Lately it seems like each heat wave brings new all-time records with it, like one that went from Late July to Early August this year. As the planet continues to slowly warm, more and more of these heat waves are expected to occur. However, outside of 2012, we haven’t seen a heat wave like the record setting one in 1936. Extreme heat wasn’t the only noteworthy weather event of that year though, as the temperature see-saw tipped the other way in an unprecedented way just a few months earlier.
As the Dust Bowl era started to take over the Central US, the previous few winters had been relatively mild. When November 1935 came around, cold snaps started to take hold in the Pacific Northwest, as ID, OR, WA, and ND all saw top 10 coldest Novembers on record. The cold extended eastward into December 1935 as much of the southeast (FL, GA, SC) saw their second-coldest Decembers on record. After a large mid-month storm in January, cold air started taking a firm grip over the eastern US, with OH and IL reporting wind chills below -80F (using the old formula) and ND seeing the month’s average temperature of a frigid -6.9F
February 1936 was the main event. NE, ND, and SD recorded their coldest month of all time, while a total of 9 states reported their coldest February ever. SD saw -58F and ND dipped to -60 along with MT. Devil’s Lake, ND had an average temperature of -21 from the last week of January through the end of February. Fargo stayed below 32F from Dec 14 thru March 1st. Schools throughout the Midwest, Great Plains, and Pacific Northwest were all closed due to the extreme temperatures and snowdrifts, leading to supply shortages throughout the region. It wasn’t until mid-March that temperatures finally started warming up and people could recover, although this lead to flooding due to the ground being frozen to a deep layer.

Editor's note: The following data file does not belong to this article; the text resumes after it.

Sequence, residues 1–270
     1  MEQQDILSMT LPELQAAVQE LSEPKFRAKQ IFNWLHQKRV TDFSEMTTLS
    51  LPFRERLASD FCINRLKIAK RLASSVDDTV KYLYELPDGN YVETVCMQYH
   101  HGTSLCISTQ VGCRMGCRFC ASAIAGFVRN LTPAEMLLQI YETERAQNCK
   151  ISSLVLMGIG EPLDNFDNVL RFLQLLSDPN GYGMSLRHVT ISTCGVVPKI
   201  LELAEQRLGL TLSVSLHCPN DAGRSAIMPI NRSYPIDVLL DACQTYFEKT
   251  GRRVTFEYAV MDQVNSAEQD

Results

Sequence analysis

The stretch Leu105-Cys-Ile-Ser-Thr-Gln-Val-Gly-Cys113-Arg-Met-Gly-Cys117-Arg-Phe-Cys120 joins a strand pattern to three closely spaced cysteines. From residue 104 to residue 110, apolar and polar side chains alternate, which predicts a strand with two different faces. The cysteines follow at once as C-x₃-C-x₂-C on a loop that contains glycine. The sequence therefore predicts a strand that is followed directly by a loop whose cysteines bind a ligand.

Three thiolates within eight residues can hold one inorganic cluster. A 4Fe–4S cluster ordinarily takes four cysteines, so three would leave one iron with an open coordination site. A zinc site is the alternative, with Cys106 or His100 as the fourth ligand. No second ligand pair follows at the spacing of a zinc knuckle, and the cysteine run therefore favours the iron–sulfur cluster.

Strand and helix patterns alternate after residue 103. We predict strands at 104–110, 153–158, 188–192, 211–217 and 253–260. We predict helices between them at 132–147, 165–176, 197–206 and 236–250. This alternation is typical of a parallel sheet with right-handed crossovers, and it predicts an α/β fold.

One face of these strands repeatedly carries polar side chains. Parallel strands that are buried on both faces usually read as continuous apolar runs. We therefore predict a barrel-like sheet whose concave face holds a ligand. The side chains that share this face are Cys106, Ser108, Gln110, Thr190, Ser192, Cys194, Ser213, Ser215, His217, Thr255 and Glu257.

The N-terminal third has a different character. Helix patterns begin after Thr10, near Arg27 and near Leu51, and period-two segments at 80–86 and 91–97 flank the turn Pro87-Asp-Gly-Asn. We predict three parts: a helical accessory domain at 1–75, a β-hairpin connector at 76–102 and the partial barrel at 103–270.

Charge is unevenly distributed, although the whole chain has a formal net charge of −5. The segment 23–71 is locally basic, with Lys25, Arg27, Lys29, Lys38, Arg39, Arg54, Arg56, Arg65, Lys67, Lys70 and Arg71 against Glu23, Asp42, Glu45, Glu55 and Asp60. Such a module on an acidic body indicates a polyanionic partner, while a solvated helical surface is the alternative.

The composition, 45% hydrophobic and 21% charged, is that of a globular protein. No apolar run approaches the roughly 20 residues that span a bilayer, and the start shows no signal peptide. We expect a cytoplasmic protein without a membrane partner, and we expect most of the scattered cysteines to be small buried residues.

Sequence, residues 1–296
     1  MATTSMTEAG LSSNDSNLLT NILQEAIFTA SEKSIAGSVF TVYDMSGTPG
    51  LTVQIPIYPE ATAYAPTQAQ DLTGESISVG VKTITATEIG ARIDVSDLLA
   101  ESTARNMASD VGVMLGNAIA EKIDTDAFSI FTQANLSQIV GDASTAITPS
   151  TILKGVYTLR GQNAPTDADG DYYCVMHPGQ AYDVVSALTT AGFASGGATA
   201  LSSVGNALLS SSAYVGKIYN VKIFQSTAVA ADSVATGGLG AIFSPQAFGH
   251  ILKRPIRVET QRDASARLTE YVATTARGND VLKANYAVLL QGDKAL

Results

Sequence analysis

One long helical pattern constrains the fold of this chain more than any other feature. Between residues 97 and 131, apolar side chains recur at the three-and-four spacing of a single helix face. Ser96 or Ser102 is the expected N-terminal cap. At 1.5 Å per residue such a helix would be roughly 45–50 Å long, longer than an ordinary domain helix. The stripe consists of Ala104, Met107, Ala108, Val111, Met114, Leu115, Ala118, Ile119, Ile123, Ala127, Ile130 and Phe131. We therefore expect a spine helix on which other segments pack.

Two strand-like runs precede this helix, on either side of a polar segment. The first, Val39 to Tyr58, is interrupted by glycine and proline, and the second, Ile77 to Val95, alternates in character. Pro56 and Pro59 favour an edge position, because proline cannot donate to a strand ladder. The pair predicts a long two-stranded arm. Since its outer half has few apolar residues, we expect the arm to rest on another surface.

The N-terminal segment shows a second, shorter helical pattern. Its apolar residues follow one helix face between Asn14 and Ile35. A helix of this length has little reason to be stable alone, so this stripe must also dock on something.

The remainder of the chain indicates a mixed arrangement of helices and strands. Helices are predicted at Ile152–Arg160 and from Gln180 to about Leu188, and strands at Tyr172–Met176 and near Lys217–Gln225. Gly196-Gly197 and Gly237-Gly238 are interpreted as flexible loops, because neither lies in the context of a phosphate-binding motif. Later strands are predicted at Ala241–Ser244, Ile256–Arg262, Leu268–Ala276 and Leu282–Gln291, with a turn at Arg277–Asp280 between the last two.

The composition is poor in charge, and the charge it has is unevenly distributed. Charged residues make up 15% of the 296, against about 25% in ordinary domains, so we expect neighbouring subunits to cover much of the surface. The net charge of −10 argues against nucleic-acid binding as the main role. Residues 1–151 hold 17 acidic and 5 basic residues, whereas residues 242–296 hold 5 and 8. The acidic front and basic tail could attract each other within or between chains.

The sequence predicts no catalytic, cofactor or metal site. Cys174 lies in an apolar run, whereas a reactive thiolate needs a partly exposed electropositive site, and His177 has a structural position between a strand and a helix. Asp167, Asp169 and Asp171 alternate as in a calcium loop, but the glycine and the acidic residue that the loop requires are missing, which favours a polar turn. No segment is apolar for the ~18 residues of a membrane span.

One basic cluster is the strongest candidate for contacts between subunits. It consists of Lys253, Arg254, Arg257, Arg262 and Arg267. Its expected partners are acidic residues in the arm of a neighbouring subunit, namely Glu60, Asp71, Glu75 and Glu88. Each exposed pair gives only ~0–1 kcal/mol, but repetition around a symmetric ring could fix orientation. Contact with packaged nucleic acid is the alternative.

A few months later, ridiculous heat engulfed the Central US. The driest summer on record occurred for 9 Plains and Midwest states, further contributing to dust storms sweeping throughout the record. Combined with record warm summers for everywhere from MT to KY, this contributed to widespread suffering on farmsteads throughout the US. Steele, ND hit a blazing 121F, still the state’s highest temperature. Ohio hit 110F, while 13 other states all hit all-time high temperatures that remain to this day. Lincoln, NE recorded a LOW temperature of 91F on the morning of July 25th before setting the city’s all-time high of 115F that afternoon. The heat continued into August, where Arkansas and Oklahoma both hit temperatures of 120F on August 10th, while LA hit 116F 2 days later along with Texas joining the 120F club as well. A total of 17 states set or tied their all-time record high temperatures, all of which remain to this day (Kansas also hit 121F, joining ND atop the sweltering leaderboard)
Hopefully it’s a long time until we see such prolonged extreme weather, since our country’s infrastructure and population has increased exponentially since then, the human toll would be that much worse.